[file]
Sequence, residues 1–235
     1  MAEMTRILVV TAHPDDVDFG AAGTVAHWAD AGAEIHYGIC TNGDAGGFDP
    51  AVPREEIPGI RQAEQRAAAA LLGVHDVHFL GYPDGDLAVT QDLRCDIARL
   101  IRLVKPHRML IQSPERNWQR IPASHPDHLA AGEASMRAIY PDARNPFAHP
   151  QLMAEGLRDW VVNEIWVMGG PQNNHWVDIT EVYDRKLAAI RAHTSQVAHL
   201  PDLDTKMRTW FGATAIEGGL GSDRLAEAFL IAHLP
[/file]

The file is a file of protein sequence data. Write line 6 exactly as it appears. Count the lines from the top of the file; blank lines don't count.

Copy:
   201  PDLDTKMRTW FGATAIEGGL GSDRLAEAFL IAHLP